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Got the car out on the road and noticed the temp was hovering around 200 degrees. New high volume H20 pump and copper 4 core radiator. Engine is newly rebuilt (454). The temp outside is around 65 degrees so when it ramps up to 90-95 things will get much hotter. The only thing I can think of is the clutch on the fan may be getting old and in need of replacement.
Is there a way to test it? I turned it by hand and there is resistance.
 

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My neighbor tries to stop the fan while it's turning using a heavy shop rag, not recommended!!! If the car is up to temperature, shut it off while someone watches to see if the fan free-wheels. If it does, probably time for a new one.
 

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I always thought that if after you turn off engine, if the fan keeps spinning then the clutch is bad.
 

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If the car is up to temperature, shut it off while someone watches to see if the fan free-wheels.
Wrong.....the engine can be up to temp, thats fine, doesnt mean the clutch engages
I dont know the temp, but considerring the temp idoit light is 235 deg, I would imagine the clutch would be up there somewhere.

I did some digging of info yrs ago...boiled down to the clutches very rarely fail if ever...the bearings do....has it play in the bearings?

Once you get upto 20/30 mph there is far more air going thru than the fan ever will put thru.....If it still runs hot the temp gauge is either out or something else in the cooling system is not working....or have a crome/polished sump/tappet covers...to much polished stuff that retains heat...which is why car manufactures for a 100+ yrs have black/painted sumps and radiators.
More heat is disipated thru the oil than thru the cooling system.
 

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I've failed a few on my 72 BBC- my experience is that the clutch locks up then fan no longer "freewheels". Engine pinging from the increased fan load is the first clue ...seems a bit odd it has that much effect..
So..if its cool and locked solid its toast..never had one fail in the other direction i.e. freewheel when hot ..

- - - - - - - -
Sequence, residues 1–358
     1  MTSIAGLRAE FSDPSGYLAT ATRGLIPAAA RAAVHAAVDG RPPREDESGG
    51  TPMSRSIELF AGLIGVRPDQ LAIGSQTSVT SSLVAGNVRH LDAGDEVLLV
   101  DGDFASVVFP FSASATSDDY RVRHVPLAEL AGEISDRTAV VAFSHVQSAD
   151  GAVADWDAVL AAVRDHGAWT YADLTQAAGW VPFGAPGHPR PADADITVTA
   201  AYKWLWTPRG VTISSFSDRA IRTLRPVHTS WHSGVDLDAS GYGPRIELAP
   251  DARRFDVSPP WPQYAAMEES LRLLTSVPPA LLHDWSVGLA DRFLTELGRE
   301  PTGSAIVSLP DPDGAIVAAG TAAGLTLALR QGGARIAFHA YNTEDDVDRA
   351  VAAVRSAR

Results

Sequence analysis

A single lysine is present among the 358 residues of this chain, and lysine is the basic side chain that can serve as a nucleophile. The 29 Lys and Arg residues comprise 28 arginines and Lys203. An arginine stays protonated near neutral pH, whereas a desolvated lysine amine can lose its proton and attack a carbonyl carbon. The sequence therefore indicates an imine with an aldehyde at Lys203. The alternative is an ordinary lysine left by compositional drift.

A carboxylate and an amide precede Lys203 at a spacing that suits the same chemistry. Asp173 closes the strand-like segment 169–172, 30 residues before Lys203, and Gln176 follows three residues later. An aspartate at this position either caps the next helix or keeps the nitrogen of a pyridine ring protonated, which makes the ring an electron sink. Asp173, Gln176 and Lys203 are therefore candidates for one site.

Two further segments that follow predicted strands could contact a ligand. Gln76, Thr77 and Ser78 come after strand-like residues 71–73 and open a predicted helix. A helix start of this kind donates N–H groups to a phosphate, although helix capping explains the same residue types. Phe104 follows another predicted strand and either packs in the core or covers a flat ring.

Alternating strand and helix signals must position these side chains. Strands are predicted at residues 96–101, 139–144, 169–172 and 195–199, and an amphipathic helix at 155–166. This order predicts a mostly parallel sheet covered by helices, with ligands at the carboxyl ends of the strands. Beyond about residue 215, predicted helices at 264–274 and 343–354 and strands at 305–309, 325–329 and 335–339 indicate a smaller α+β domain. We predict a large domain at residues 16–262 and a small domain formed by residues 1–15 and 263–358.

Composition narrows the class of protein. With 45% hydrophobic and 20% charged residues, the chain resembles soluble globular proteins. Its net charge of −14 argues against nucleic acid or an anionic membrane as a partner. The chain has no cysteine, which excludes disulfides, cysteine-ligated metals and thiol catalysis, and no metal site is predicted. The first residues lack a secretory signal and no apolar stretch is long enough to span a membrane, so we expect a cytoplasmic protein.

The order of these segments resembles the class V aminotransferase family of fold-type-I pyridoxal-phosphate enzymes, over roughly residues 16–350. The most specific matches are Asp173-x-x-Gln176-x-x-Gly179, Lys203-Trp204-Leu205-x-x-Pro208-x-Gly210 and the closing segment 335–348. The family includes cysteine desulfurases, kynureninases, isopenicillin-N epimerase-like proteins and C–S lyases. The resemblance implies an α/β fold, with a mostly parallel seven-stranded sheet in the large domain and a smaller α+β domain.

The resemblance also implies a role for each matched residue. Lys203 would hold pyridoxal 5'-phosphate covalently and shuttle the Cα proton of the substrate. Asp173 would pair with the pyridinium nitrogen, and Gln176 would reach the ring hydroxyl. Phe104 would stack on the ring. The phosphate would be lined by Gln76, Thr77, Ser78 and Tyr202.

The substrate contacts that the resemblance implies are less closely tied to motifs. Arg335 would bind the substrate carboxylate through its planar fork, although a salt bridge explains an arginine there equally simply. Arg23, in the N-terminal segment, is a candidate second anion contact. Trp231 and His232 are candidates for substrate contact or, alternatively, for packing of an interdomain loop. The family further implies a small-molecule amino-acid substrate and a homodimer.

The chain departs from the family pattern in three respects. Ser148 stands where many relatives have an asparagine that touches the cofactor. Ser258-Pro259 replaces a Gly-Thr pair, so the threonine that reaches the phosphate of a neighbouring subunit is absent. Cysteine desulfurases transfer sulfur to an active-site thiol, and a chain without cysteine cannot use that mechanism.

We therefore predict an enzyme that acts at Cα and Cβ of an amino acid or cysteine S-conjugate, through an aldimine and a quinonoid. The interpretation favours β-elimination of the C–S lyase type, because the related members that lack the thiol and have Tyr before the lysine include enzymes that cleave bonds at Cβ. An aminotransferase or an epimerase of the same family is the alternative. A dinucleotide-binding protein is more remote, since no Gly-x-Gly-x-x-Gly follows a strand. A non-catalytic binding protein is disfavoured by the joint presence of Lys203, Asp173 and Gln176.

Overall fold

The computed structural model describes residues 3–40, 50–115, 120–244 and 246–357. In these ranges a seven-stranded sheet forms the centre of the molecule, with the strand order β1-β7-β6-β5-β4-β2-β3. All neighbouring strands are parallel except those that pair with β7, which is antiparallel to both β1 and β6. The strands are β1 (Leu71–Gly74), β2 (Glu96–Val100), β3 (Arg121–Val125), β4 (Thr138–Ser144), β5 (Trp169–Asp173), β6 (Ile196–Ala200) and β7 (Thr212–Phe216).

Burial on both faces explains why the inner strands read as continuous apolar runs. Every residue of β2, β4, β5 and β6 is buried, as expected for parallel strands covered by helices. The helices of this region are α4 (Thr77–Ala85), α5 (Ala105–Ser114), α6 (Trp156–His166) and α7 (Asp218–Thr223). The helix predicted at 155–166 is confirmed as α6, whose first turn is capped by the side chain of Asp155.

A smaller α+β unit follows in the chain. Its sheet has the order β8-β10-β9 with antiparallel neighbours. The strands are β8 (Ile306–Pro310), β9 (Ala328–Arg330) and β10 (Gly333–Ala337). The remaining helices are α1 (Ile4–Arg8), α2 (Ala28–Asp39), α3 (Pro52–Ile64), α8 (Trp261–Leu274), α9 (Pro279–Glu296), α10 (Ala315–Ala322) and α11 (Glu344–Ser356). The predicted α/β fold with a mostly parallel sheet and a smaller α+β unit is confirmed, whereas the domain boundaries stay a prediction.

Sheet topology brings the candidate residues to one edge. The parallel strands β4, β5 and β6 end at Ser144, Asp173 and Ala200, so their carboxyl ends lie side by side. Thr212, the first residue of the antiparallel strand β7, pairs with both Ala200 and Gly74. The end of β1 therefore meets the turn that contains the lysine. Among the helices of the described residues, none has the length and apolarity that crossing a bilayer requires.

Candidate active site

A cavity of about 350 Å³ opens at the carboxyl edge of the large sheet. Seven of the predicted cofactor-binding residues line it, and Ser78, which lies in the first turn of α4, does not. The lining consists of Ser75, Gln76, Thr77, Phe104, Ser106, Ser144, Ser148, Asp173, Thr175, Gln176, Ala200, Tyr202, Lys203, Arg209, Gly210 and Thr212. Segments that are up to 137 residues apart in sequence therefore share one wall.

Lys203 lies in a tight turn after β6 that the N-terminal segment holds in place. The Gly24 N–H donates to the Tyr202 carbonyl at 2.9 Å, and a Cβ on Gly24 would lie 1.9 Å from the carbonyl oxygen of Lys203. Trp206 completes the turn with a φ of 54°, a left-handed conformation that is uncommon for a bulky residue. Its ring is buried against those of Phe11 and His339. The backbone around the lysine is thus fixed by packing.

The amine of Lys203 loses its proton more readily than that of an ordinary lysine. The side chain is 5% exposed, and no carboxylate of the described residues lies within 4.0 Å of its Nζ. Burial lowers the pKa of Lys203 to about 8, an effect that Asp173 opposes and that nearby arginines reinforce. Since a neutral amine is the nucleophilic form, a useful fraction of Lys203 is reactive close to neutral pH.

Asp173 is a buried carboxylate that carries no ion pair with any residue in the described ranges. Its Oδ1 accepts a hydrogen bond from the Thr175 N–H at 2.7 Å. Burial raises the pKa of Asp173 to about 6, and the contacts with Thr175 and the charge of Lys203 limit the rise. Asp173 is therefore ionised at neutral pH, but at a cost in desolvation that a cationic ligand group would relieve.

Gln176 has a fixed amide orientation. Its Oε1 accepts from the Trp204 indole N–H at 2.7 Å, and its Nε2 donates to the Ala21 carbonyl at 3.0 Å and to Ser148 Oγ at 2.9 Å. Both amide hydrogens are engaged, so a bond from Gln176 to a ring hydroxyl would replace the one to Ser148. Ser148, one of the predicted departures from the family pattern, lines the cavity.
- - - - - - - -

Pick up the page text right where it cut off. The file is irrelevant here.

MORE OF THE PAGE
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This is how I test them.

After driving for a while, I'd say 30min, and with the engine off spin the fan over with your hand. It should not turn over more than 1 revolution. If it does it is bad.
 

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I always thought that if after you turn off engine, if the fan keeps spinning then the clutch is bad.
I read here a couple of years back to roll up some newspaper and try to stop the fan.
No offence meant but theres a lot of ppl out there that read hear stuffand never varified it...most old wives tales

After driving for a while, I'd say 30min, and with the engine off spin the fan over with your hand. It should not turn over more than 1 revolution. If it does it is bad.
I had a 'theory' when I put my new one in...because of stuffed bearings....that something like that 'should work' but never noticed any difference...but I never had running hot issues....runs max 170 (low due to the fuel I run)...it just free wheeled and still does like normal...
Im bloody sure temps have to get up (like I mentioned above) around 220 or something.

Also note there are several types for different applications
 

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Have you checked your thermostat? What is the actual opening temp? I would think going down the road with an outside temp. of 65 degrees the engine would be operating at what ever degree thermostat you have.
What is the temp. when you are stopped, say in slow traffic.